USPTO’S Attorney Fee Awards, Heads I Win, Tails You Lose
Under the American Rule “each litigant pays his own expense, win or lose, unless a statute or contract provides otherwise.” But recently the United States Patent and Trademark Office (USPTO) has sought to flip the American Rule by seeking to recover its attorney’s fees even when it loses.
EXPENSES UNDER THE LANHAM ACT AND PATENT ACT
Parties seeking to register a trademark (symbols or words representing a company, product or service) or a patent (exclusive right to use of invention) must register their applications with the USPTO. If the USPTO rejects their applications, the parties can appeal to their local federal district court or the Federal Circuit Court of Appeals. The Lanham Act, which governs trademarks, provides that “all the expenses of the proceeding shall be paid by the party bringing the case…” 15 U.S.C. 107(b)(3); The Patent Act, which governs patent applications, provides that “[a]ll the expenses of the proceedings shall be paid by the applicant. 35 U.S.C §145.
Historically, the USPTO only sought reimbursement of costs (travel, expert fees, etc.) borne from opposing these trademark or patent appeals, but in 2013, the USPTO began seeking reimbursement of its attorney’s fee as well.
WHEN YOU LOSE, YOU LOSE
In Nankwest, Inc. v. Matal,(E.D. Virginia 2016) 162 F. Supp.3d 540, the applicant challenged the USPTO’s decision rejecting its patent application. The trial court partially accepted and partially rejected the challenge to the USPTO’s decision. The USPTO sought to recover its attorney’s fees along with its other costs, but the trial court rejected the USPTO’s request, finding that such fees are “authorized only when there is a specific and explicit provision for the allowance of attorney’s fees under the selected statute.” Id. at 543.
The USPTO appealed to the Federal Circuit, which reversed the trial court, Nankwest, Inc. v. Matal (Fed. Cir. 2017) 860 F.3d. 1352., concluding that “Given the Supreme Court’s construction of ‘expenses,’ the guidance dictionary and treatises provide on the term, and the context in which Congress applied it, we conclude the term ‘expenses’ includes the USPTO’s attorney’s fees under § 145.” Id. at 1358. Two months later the entire Federal Circuit vacated the panel’s decision and set the matter for en banc review. So stay tuned on the final word from the Federal Circuit.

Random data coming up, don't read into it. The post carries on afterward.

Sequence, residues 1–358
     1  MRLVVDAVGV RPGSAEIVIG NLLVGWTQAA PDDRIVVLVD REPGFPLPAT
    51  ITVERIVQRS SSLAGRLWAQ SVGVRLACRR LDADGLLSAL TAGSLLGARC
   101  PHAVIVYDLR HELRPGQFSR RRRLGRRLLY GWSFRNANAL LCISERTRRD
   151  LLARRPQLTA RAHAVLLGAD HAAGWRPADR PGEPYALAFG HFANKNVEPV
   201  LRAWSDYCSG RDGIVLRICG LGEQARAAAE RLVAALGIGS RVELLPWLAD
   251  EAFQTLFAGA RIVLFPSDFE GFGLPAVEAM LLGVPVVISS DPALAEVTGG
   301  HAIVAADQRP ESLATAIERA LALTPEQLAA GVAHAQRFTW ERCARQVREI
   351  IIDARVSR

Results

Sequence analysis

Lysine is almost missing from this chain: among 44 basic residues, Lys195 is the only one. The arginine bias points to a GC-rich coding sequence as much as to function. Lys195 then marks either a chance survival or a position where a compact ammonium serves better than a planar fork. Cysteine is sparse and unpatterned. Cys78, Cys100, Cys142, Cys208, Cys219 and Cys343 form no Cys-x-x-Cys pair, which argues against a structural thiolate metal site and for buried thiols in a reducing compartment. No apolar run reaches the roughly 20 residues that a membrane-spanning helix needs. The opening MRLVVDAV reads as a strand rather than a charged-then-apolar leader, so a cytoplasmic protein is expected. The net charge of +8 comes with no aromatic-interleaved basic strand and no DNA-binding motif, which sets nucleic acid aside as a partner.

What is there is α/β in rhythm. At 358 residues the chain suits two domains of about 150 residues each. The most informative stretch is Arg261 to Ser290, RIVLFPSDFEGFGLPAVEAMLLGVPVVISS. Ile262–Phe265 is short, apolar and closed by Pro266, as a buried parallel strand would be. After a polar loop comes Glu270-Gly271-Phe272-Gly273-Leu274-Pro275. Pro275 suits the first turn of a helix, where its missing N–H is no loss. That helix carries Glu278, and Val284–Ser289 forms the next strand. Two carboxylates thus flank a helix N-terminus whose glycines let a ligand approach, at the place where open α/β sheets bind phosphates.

EVEN WHEN YOU WIN, YOU LOSE
In August of this year, in Booking.com B.V. v. Matal (E.D. Virginia 2017) 2017 WL 3425167 a trademark applicant appealed the USPTO’s refusal to register four trademark applications. The Court granted summary judgement for the applicant for two of the four marks and remanded consideration as to the other two marks back to the USPTO. Despite “losing” the appeal, the USPTO filed a motion for expenses, including its attorney’s fees. In October, the court granted the USPTO’s attorney’s fees, 2017 WL 4853755. The Court noted that the issue was subject to en banc review by the Federal Circuit, but held that it was bound by Fourth Circuit precedent that “compels the Court to find that [the USPTO’s] attorneys’ fees are recoverable under §1071(b)(3).”
Ultimately it appears the Supreme Court will need to determine whether the statutory term “expenses” includes the USPTO’s attorneys’ fees. Until then, to quote the Grateful Dead, trademark and patent applicants “can’t win for losing.”